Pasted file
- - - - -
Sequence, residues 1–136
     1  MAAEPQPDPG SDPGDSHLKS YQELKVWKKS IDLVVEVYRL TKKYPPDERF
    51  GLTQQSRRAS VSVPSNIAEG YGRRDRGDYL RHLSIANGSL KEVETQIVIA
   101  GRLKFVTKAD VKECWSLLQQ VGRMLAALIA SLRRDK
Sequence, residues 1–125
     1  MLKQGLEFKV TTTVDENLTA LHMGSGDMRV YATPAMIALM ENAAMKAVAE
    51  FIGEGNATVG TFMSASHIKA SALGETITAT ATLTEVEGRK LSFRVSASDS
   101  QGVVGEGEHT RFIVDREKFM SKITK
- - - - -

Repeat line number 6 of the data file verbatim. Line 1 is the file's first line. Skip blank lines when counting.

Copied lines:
     1  MLKQGLEFKV TTTVDENLTA LHMGSGDMRV YATPAMIALM ENAAMKAVAE